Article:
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September 20, 2010

Bullous Amyloidosis Complicated by Cellulitis and Sepsis: A Case Report

Author Affiliations

Author Affiliations: Department of Dermatology, State University of New York (SUNY) Downstate Medical Center, Brooklyn (Dr Reddy); and Departments of Pathology (Drs Hoda and Chen) and Medicine (Drs Penstein and Wasil), North Shore–LIJ Health System, New York, New York.

Arch Dermatol. 2011;147(1):126-127. doi:10.1001/archdermatol.2010.381

A 78-year-old African American man was seen with a history of easy bruising for 1 year. Workup revealed free λ light chains in the serum and urine. After bone marrow biopsy, the patient was diagnosed as having multiple myeloma. He underwent chemotherapy with cyclophosphamide, bortezomib, and dexamethasone along with prophylaxis with sulfamethoxazole-trimethoprim, fluconazole, and acyclovir and began to show improvement.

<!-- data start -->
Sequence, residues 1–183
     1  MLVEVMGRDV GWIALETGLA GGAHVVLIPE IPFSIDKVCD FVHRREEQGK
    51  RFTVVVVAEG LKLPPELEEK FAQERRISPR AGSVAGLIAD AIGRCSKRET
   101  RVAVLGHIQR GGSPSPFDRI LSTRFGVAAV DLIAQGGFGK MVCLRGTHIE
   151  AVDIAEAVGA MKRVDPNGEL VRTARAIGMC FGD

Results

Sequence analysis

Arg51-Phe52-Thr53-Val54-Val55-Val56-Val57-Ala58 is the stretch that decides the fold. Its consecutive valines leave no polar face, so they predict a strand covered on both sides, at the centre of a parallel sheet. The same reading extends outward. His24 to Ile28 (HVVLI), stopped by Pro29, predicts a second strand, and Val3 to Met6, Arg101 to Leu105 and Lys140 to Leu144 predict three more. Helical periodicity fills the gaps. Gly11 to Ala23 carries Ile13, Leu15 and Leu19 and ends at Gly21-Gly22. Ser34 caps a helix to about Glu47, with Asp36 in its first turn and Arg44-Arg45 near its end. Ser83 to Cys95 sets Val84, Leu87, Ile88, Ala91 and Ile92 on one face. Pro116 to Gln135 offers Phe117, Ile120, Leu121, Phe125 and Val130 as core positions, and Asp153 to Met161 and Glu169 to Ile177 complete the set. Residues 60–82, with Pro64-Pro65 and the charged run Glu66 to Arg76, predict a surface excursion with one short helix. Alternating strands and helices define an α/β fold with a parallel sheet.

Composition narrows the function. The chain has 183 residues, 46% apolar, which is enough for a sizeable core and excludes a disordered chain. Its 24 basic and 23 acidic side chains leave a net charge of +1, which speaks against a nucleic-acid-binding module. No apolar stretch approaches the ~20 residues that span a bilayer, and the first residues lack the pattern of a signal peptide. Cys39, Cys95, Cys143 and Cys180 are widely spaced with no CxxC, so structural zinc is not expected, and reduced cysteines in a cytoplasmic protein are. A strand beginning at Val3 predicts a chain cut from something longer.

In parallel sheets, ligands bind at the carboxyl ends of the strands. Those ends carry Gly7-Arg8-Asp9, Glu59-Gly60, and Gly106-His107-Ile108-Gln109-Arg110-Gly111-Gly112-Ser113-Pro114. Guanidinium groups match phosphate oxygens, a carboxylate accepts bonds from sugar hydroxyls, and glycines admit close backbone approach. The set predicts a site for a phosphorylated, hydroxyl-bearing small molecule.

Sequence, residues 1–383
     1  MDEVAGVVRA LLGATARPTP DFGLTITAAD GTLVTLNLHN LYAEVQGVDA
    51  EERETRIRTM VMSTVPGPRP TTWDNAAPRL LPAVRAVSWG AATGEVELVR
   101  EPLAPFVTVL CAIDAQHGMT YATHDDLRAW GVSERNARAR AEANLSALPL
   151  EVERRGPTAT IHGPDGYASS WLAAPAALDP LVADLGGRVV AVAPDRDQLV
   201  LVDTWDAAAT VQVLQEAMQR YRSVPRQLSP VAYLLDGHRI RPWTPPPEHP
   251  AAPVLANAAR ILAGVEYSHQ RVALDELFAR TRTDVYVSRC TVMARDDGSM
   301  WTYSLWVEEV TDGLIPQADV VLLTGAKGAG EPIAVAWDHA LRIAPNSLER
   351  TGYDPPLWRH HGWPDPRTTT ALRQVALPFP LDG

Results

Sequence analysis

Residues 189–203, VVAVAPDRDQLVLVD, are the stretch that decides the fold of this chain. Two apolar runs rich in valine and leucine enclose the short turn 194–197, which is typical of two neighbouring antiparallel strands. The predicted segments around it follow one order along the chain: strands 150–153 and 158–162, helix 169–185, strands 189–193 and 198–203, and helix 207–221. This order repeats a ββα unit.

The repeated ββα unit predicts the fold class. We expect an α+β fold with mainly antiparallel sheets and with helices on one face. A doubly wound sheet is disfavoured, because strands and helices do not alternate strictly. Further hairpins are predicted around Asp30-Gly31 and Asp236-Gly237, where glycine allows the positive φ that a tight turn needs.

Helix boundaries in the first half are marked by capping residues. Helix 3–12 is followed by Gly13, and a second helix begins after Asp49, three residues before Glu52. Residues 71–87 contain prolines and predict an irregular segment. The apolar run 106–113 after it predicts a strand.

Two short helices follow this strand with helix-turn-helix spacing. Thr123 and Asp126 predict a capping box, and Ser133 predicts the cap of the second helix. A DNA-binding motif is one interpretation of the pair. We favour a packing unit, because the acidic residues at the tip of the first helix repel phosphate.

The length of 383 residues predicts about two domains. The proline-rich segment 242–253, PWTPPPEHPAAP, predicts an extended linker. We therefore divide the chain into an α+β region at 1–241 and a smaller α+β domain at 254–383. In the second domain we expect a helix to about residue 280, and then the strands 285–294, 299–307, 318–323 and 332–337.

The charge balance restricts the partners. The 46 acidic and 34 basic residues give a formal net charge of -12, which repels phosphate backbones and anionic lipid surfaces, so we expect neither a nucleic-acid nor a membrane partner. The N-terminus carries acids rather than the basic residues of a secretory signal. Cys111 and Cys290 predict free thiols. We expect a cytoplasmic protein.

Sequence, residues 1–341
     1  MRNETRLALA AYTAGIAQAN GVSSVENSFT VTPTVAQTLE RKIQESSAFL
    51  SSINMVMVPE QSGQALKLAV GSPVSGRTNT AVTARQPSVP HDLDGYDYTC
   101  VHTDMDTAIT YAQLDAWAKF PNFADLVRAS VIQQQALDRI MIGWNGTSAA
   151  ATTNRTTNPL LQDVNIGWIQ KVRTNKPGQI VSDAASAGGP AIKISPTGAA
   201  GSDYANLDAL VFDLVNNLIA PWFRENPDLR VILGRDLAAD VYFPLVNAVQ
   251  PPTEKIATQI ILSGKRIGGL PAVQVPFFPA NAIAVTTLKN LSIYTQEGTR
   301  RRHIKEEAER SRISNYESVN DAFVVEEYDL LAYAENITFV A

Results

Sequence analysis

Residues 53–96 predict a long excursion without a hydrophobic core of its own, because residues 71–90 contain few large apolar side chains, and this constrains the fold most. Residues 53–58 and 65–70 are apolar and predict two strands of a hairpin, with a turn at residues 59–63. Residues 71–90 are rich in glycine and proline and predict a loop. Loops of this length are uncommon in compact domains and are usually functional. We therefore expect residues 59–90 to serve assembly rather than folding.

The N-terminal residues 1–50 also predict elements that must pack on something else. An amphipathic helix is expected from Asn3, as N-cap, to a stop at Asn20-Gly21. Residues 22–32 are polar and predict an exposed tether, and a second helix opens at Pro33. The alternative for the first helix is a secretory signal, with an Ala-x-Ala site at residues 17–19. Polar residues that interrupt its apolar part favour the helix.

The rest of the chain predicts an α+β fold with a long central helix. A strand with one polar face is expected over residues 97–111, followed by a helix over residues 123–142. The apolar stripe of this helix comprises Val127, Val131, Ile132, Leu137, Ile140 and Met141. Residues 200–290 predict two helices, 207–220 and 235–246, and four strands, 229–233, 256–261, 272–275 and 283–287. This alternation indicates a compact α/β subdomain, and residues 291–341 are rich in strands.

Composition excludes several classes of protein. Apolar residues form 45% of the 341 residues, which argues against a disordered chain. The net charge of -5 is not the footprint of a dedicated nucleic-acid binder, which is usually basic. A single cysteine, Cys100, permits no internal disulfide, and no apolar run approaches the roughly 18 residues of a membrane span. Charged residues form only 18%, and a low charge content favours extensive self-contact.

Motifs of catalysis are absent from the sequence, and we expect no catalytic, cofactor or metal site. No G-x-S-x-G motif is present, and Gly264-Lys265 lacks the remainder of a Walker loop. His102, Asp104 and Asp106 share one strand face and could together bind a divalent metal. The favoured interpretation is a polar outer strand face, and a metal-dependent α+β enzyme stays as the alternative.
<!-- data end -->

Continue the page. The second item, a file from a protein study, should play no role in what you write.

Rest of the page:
However, 3 months into treatment, he was seen in the emergency department for septic shock. No source of infection was initially evident. Dermatology was consulted for evaluation of bullous skin lesions, which had been present for 2 weeks prior to admission. Although the patient had been seen by a physician during this time, no diagnostic studies or therapeutic measures to address his skin lesions were undertaken. His last chemotherapy treatment was 2 days prior to admission.

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